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Angel Martyr's Tiziano Sbaragli: "I think sometimes being alone with our inner silence could be very painful as if ten thousand voices are screaming inside your mind"

Interview with Tiziano Sbaragli from Angel Martyr
by Lior "Steinmetal" Stein at 21 February 2021, 12:12 AM

The never ending battle between good and evil, the forces of light and darkness, sometimes it would look like an actual battle but rather a string of events that would suggest that there is a confrontation but not in bludgeoning battlefield. There are no winners or losers, it is like ying and yang, always there, completing each other in a twisted dance. The Italian Angel Martyr, led by Tiziano Sbaragli, created a small universe of choices, dark thoughts, contemplations and decisions. With the coming new album, “Nothing Louder Than Silence”, via Iron Shield Records, darkness and light has a lot to tell. Steinmetal talked to Tiziano about the experience of the record, Traditional Metal, and more…

Hello Tiziano, I am glad to have you for this interview for Metal Temple online Magazine, how have you been doing in these troubled times?

Hello there, glad about it too! Well nothing special, as many people in these bad times I just trying to go ahead, working, playing my music and spending time in my passions.

Slow and easy, I noticed that Italy is coming back to a form of normality after two strong waves of the pandemic over the country, which nearly toppled its health services. Do you feel that the Italian society is coming back to life or is simply the calm before another storm?

Ohm… not exactly unfortunately! I think we still have a long way to go for coming back in a normality mood! The virus is still alive; it keeps on killing people and destroying job places. The sanitary emergency is not as bad as the previous wave, but we’re still not out of this hell! Honestly, I am not positive at all about it.

I don’t believe that anyone took pleasure in staying at home for such a long time, needless to say that people lost their daily lives, whether at work, outdoor activities, enjoying culture, all was gone and for many, it still is. What do you miss most about the pre-pandemic period? Do you think that there is a chance to come back to it again, even in a different form and way of life?

I think people easily forget things in general… I mean, we saw military trucks bringing out from the city of  Bergamo so many coffins of many victims of this virus and last summer many people have been on holidays, discos, restaurants, etc. without wearing any mask… yes we will come back to normality, maybe some rules will remains to prevent future disasters like this (I hope so). Of course I miss concerts, being on stage, travelling and going to metal pubs and discos.

It is a first for me, to be introduced to Angel Martyr, venturing through the underground, and it feels as if there will be more to expect in the future. Once again under the Iron Shield Records banner, you guys release your sophomore “Nothing Louder Than Silence”. So what have you been keeping within you that wanted to lash out and explode with such a title for an album? What was your inspiration when you came out with it?

I usually take my inspiration from my living, my readings and my reflections. The title came out from my mind after I relived some mental trips about situations that make a person sink in a deep sense of guilt and shame. So I created a character that I made to experience these negative feelings, following lived episodes, certainly much more serious than mine! Then I made myself a question: which kind of sense of guilt could a person feel that would generate terrible actions in case of a new sense of humanity rising? How many heavy are all voices he would hear inside his head and in his silent moments? I think sometimes being alone with our inner silence could be very painful as if ten thousand voices are screaming inside your mind.

“Nothing Louder Than Silence” ventures through darkness, echoing from every corner, taking the supposed concept into regions of belief and the dark arts, as if it was a document of a segment of the never ending struggle between good and evil. What was your angle with the themes that lead this album? What points of interest did you wish to venture through the record?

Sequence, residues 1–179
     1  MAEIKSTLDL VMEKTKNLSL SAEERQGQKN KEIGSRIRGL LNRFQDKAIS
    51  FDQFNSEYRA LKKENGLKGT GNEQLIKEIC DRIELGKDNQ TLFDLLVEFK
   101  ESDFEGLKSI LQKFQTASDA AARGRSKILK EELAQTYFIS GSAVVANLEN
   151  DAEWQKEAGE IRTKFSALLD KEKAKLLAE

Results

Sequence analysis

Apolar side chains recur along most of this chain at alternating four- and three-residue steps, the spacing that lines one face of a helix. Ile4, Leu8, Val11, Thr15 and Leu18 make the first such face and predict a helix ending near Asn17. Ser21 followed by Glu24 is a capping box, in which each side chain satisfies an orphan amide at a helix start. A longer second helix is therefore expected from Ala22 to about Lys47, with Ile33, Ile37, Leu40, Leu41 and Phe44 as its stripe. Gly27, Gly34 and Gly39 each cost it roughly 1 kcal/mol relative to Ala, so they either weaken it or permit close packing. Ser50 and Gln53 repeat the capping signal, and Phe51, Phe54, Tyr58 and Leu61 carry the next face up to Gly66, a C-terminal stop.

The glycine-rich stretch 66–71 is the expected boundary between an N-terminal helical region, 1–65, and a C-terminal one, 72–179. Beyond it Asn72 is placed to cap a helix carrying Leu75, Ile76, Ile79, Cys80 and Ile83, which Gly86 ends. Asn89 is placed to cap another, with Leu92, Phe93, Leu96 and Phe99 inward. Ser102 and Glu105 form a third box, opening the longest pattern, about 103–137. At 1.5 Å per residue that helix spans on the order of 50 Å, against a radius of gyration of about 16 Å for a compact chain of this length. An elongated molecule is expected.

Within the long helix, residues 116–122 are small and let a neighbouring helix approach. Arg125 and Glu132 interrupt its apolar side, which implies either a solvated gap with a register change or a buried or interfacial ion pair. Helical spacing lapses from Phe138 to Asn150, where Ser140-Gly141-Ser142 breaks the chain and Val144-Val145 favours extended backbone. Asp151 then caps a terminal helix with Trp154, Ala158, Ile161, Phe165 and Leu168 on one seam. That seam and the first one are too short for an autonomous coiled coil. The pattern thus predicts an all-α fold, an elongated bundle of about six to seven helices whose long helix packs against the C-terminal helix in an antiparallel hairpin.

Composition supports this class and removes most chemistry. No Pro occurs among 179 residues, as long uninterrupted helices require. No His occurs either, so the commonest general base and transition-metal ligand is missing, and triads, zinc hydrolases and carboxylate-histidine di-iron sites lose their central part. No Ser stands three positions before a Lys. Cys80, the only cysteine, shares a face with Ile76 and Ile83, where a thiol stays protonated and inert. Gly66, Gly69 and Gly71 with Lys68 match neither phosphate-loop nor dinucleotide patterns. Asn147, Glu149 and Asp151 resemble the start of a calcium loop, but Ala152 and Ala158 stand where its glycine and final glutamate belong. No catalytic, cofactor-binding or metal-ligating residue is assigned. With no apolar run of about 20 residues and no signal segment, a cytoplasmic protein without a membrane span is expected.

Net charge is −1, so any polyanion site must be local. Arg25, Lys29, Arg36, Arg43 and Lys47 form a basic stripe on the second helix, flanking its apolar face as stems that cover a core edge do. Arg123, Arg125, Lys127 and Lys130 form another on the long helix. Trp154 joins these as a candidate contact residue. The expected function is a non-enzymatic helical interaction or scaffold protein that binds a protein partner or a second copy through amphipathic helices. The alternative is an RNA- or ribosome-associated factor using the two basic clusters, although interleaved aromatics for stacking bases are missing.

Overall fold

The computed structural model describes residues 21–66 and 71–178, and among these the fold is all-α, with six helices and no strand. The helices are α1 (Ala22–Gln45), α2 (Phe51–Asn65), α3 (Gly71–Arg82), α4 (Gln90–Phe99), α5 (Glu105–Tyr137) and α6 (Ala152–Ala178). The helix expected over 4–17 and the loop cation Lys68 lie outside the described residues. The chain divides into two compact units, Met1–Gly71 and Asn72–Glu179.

More than dark arts I would rather speak of alternation between light and darkness in the human spirit. I would say that the record takes more into consideration the classic question “Is a man born good or evil? And for what reason?”. Certainly also in this record there are elements taken from the dark arts and from theology, an example is the last song “My name is legion” in which I tried to give another interpretation to this passage from the Old Testament! Very often religious people are too blind for giving a different vision of that who has been declared “Untouchable"…

In light of the album’s strong emphasis of the underworld along with the mentioning of Jesus and Christianity as a lurker above, it would be interesting to know what do you believe in? How does this record find you on a personal level?

I just found those stories funnys heheheh….. That's all!

A lot of artists have been finding ways to escape reality with such analogies or fantasy driven creations, to take one’s mind off the daily hardship and come to comprehend new stories. Did you try to form a measure of escapism with “Nothing Louder Than Silence”?

Yes I do, and I also used my music to reply to some inner questions

You have never been stranger to Traditional Heavy Metal, certainly not for the British kind, which personally I find it sacred as it is the origins of Heavy Metal, no matter how heavy or modern a band would sound, there are the creating fathers. Adding Speed Metal flavors to the mix, and “Nothing Louder Than Silence” is an energetic piece of old school devotion. How do you feel that you developed as a band when it comes to the work on “Nothing Louder Than Silence”?

For sure I am not that kind of person who regardless say no to all modern stuff, anyway, yes I think that Traditional metal is the Real metal! I think that about this album, and in Angel Martyr in general, we never prefix something like  “we must play that way" or something similar! We play what we feel, our attitude is classical, and all the songs are the proof!


What kind of peak do you believe that you have reached with the songwriting of “Nothing Louder Than Silence”? What do you think that makes it so special in regards to the old school Metal ventures going on nowadays?

Well I honestly believe that evaluation is a task for the fans! Although we often hear that classic metal is dead, but I still see some very good bands at the Underground level, and beyond! Visigoth are actually my favorite one! What I hope is that this record can carve out a place in the heart of some lover of the genre, that the CD can be put several times into the player without taking too much dust on a shelf! However, I can say that I am very satisfied with the final result, with the evolution that "Nothing Louder Than Silence" highlights compared to its predecessor "Black Book Chapter One", and I think this is a more objective than personal opinion!